I have found the images are adequately sharp when shot wide open and the sharpness improves when stopped down.

Practical use

The lens is very useful in low light conditions, which makes a big difference in practical use compared to my F1.4 summilux at night and it is all you need on a Sony Nex-7. It is useful for street photography when combined with the tilt shift screen on the Nex-7 that can be used like a waist-level finder; F0.95 allows a very fast shutter speed thus making the combination fast and discrete for street use. The rendering is very special with swirly bokeh that can almost sucks you in, which can even make boring subjects look very interesting. It is the perfect lens for portraits as it renders the image with painting-like characteristics that makes the background melts away. The Schneider 50mm F0.95 is also great for black and white shooting since it provides that almost “film look” on today’s digital bodies.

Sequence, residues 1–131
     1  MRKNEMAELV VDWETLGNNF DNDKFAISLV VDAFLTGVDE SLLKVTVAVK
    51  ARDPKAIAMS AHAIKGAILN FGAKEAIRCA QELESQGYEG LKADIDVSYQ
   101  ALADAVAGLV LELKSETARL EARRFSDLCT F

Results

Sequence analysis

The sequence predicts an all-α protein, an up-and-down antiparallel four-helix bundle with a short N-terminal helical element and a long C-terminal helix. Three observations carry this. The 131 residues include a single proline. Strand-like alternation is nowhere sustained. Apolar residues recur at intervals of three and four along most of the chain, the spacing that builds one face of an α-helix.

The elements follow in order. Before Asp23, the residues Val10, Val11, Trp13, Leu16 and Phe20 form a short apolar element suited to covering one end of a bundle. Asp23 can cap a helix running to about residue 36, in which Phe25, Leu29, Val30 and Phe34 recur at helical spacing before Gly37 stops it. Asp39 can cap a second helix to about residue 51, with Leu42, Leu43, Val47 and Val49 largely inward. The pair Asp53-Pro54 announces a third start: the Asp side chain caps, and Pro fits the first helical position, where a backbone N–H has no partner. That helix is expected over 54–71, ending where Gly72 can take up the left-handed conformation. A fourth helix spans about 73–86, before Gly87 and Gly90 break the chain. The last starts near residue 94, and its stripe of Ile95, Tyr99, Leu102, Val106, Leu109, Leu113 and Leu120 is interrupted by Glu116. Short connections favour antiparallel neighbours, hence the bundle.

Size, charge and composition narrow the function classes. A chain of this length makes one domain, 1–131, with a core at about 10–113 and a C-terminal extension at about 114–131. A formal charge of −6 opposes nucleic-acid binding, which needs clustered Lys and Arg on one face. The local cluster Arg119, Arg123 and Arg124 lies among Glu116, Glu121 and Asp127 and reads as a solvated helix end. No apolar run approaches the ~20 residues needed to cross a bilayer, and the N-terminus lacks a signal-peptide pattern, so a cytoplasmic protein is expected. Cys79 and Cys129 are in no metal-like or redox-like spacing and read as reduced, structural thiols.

This lens is full of surprises and I am still discovering more characteristics each time I use it. It is a very pleasant lens to use both on streets and for portraits, I would recommend anyone that likes the images produced from this lens to hunt one down as it is quite rare! 

For my Flickr Set by the Schnedier Xenon 50mm F/0.95 can be viewed here.